Our world is bound­less, mul­ti­fac­eted, and we are con­stant­ly sur­round­ed by space with dif­fer­ent mean­ings. But, for rea­sons unknown to us, so many pho­tog­ra­phers cre­ate work with­out con­sid­er­ing what sur­rounds the mod­el. The pho­tog­ra­pher’s nor­mal thought process is, “I’ll put the mod­el in front of this building/archway/bed/park/whatever, because such a solu­tion looks pretty/compositionally advan­ta­geous.” It so hap­pened that every­thing around us car­ries infor­ma­tion, and in pho­tog­ra­phy it’s a sin not to use this to enrich the con­tent and build the con­text of the frame.

The only thing that does not car­ry infor­ma­tion in the image is empti­ness. Usu­al­ly empti­ness is expressed through block­ages in black and over­ex­po­sure. Indeed, in the first case, the view­er does not see what is in the frame, and in the sec­ond he sees that there is noth­ing. How to stream­line the rest of the infor­ma­tion­al chaos of the image? Pret­ty sim­ple.


To con­trol the con­di­tions in which the char­ac­ter is locat­ed, the pho­tog­ra­ph­er must con­sid­er the fol­low­ing fac­tors:

  1. Tex­ture.
  2. Depend­ing on the mate­r­i­al sur­round­ing the per­son por­trayed, we can reveal in more detail the state in which he is. Here it is nec­es­sary to choose a def­i­n­i­tion, which is sub­se­quent­ly trans­ferred in the mind of the view­er to our hero of the frame. For exam­ple: a space of con­crete and glass cre­ates a cold, hard atmos­phere; wood­en — warm; space with a bunch of pil­lows or feath­erbeds — soft, ten­der; etc. Tak­ing into account the tex­ture of space, we can either build a har­mo­nious state of the char­ac­ter (hard in hard, gen­tle in ten­der, etc.) or cre­ate a con­trast: a cute lit­tle girl dressed in a light cot­ton dress with a soft toy in her hands and a com­pas­sion­ate emo­tion, placed in a cold / wild / hard space, will cre­ate a con­trast between the image and the envi­ron­ment, there­by high­light­ing the state of the char­ac­ter more clear­ly.

  1. Time of cre­ation.
  2. All peo­ple have a sense of “habit”. Those things to which we are accus­tomed, we expe­ri­ence a calmer atti­tude than to things that are new to us. Every­thing new must first be stud­ied by a per­son in order to be able to “feel” lat­er. That is why we per­ceive wood­en hous­es more warm­ly than new build­ings, although we under­stand that mod­ern tech­nolo­gies in con­struc­tion allow us to achieve a warmer and more reli­able space than build­ings made of wood using the tech­nolo­gies of the past.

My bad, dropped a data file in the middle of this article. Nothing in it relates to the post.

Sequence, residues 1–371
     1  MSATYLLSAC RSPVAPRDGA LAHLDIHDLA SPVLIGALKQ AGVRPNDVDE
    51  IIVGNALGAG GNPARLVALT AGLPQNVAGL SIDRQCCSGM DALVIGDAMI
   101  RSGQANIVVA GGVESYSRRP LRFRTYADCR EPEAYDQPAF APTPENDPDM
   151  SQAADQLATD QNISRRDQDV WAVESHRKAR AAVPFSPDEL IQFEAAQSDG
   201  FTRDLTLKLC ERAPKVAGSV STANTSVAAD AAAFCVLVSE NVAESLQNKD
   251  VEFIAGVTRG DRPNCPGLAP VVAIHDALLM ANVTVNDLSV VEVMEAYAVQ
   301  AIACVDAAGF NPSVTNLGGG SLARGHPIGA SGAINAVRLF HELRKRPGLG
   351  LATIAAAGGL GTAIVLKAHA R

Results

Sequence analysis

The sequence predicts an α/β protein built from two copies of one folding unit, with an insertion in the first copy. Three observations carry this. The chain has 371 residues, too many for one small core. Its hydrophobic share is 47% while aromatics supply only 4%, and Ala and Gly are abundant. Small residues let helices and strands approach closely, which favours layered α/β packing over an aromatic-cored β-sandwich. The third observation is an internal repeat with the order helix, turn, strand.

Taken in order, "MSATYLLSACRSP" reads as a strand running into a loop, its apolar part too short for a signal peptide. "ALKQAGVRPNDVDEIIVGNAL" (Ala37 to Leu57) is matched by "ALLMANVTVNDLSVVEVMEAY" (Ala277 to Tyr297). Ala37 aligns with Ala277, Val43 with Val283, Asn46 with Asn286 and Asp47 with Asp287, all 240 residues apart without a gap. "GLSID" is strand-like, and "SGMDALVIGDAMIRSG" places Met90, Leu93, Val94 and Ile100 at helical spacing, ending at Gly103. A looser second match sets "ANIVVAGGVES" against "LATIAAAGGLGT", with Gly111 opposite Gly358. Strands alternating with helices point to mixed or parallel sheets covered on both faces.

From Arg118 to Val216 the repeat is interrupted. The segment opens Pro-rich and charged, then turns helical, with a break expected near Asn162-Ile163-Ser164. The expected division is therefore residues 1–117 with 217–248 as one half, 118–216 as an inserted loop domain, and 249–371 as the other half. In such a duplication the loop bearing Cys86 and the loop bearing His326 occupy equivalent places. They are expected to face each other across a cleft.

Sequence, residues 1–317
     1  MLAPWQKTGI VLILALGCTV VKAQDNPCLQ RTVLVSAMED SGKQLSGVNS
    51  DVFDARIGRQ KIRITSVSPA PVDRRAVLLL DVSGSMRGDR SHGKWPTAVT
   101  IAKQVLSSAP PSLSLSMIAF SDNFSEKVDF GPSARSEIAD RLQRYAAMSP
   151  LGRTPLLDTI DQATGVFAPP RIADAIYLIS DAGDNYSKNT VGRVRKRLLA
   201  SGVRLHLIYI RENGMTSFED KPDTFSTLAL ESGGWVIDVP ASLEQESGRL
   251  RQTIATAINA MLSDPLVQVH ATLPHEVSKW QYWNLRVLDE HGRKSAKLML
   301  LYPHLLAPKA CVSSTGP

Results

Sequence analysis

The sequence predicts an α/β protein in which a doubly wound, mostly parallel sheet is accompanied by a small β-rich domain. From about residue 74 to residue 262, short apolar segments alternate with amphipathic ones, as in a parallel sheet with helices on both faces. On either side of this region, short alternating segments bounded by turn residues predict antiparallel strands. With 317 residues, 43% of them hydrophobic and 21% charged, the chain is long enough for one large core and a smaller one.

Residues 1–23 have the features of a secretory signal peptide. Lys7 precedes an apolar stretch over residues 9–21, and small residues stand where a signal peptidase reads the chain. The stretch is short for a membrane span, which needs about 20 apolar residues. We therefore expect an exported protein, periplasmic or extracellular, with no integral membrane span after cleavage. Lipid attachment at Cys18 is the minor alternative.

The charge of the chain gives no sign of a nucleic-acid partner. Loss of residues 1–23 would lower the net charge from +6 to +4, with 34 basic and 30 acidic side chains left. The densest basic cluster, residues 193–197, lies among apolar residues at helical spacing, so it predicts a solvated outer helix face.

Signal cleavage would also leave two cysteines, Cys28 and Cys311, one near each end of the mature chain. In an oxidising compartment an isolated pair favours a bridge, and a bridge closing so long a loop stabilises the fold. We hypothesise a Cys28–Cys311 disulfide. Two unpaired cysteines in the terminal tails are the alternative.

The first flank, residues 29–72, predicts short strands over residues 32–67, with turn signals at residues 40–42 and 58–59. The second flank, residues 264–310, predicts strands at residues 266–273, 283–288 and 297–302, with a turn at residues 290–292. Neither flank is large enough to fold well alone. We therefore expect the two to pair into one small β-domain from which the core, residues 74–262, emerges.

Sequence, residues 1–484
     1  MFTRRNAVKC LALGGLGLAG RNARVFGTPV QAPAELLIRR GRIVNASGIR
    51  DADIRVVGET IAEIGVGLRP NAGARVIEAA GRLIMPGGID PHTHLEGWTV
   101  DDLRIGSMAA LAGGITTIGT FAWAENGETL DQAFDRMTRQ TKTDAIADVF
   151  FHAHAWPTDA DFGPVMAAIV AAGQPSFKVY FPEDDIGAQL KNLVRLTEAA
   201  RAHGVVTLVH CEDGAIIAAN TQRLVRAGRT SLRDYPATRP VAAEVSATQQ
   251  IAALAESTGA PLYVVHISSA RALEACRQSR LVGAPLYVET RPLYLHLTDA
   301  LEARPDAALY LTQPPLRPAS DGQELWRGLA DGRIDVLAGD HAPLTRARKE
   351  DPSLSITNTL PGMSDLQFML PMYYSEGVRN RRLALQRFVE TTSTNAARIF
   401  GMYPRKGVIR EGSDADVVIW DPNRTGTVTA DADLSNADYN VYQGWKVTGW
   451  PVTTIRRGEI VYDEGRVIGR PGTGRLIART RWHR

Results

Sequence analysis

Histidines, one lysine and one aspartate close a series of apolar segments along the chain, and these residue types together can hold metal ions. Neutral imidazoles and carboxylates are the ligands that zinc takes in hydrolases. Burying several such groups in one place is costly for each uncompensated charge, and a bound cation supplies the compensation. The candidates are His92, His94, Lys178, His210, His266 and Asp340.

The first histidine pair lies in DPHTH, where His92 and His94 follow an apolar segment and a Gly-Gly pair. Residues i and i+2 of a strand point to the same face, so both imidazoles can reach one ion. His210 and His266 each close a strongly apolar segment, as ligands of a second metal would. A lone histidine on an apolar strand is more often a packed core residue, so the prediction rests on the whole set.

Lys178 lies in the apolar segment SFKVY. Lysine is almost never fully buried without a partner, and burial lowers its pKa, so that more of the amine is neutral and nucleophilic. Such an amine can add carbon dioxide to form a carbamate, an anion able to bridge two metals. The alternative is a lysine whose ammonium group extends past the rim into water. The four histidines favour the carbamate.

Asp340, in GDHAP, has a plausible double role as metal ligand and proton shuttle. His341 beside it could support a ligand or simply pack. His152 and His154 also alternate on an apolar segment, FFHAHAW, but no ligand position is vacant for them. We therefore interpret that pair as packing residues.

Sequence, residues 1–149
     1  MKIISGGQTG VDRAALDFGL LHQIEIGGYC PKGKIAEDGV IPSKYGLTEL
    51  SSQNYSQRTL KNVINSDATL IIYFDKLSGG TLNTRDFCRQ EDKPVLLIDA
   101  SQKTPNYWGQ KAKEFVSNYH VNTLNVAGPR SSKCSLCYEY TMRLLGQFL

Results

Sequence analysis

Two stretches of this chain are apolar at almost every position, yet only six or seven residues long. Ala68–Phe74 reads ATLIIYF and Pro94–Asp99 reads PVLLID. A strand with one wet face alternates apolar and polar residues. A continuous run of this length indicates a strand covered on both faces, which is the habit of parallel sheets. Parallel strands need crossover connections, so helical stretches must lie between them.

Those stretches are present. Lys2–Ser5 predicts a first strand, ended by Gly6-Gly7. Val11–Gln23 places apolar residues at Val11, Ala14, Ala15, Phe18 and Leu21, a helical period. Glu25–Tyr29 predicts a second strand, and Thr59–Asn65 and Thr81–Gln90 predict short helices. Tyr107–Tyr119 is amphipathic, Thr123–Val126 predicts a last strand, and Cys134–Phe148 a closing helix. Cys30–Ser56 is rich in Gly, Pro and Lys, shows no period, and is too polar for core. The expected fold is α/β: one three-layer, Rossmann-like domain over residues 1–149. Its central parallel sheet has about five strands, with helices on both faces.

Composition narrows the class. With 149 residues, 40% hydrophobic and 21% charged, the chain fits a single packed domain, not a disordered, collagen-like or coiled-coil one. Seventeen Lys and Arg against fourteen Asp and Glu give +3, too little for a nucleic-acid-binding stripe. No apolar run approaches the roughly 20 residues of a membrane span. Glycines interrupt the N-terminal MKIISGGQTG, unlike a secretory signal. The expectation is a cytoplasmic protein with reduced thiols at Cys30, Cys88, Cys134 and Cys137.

By cap­tur­ing the por­trait dressed in a busi­ness suit against the back­drop of build­ings from the Sovi­et peri­od, we cre­ate the image of an ordi­nary office work­er who is going to work to feed his fam­i­ly. But if we show the same per­son in the same clothes against the back­drop of sky­scrap­ers, then we cre­ate a tougher char­ac­ter who earns big mon­ey and does seri­ous busi­ness.

    Of course, there can be many inter­pre­ta­tions here depend­ing on the infor­ma­tion details entered into the frame, but the main thing to remem­ber is that the pho­tog­ra­ph­er must take into account the time of cre­ation of the space (epoch) and every­thing con­nect­ed with it in the mind of the view­er.

  1. Sphere of use.
  2. Often, pho­tog­ra­phers choose a shoot­ing space based on the fac­tor of acces­si­bil­i­ty, geom­e­try, pos­si­ble light­ing, col­or, or sim­ply aes­thet­ics, com­plete­ly for­get­ting that it is pos­si­ble to con­nect the cre­at­ed image with its sur­round­ings in mean­ing. Many spaces of our real­i­ty car­ry a cer­tain func­tion­al­i­ty: in some peo­ple live, in oth­ers they eat, in oth­ers they read, watch movies, and much more. For a deep­er and more reli­able con­struc­tion of the image in the frame, it is rec­om­mend­ed to select a space cor­re­spond­ing, let’s say, to the char­ac­ter’s pos­si­ble habi­tat.

    Har­mo­ny is achieved sim­ply: it is only nec­es­sary to log­i­cal­ly cor­re­late the char­ac­ter with where he should be. It must, but it can­not. We can come to a glam par­ty in a tail­coat, which, of course, will look strange, but in order to achieve har­mo­ny in the visu­al image, it would be bet­ter for us to be at the soiree of a sec­u­lar soci­ety.

    The con­trast is con­firmed by the ratio of the action of the char­ac­ter and the space where he is. If a pho­tog­ra­ph­er cap­tures a per­son mak­ing a fire and dressed in bag­gy clothes, hid­ing his face, in some dark alley, then an image of a social­ly dis­ad­van­taged hero who only wants to keep warm is cre­at­ed. But if the same char­ac­ter starts a fire against the back­drop of the city admin­is­tra­tion, then an image of an “anar­chist” going against the sys­tem is cre­at­ed.

All the above exam­ples are aimed at mak­ing you, dear read­er, under­stand that if you change even one detail in the frame, the whole sto­ry can change for the view­er. And, if the pho­tog­ra­ph­er does not spend enough effort and knowl­edge on think­ing through and cre­at­ing a char­ac­ter, then the sto­ry cap­tured in the frame may not be read at all. Which, alas, is what hap­pens to most of the visu­al con­tent on the Inter­net.

The ques­tion aris­es: what should be para­mount — space or char­ac­ter? Over time, each pho­tog­ra­ph­er will be able to answer this ques­tion for him­self, because some­one is more inter­est­ed in real­iz­ing the per­son­al­i­ty of the per­son being por­trayed due to the type, facial expres­sions, clothes and his actions cap­tured, while oth­ers are more inter­est­ed in reveal­ing the char­ac­ter due to the real­i­ties sur­round­ing him. But ide­al­ly, it is bet­ter not to sep­a­rate these con­cepts, since the view­er per­ceives them insep­a­ra­bly and, prac­ti­cal­ly, simul­ta­ne­ous­ly.


От Yara

Добавить комментарий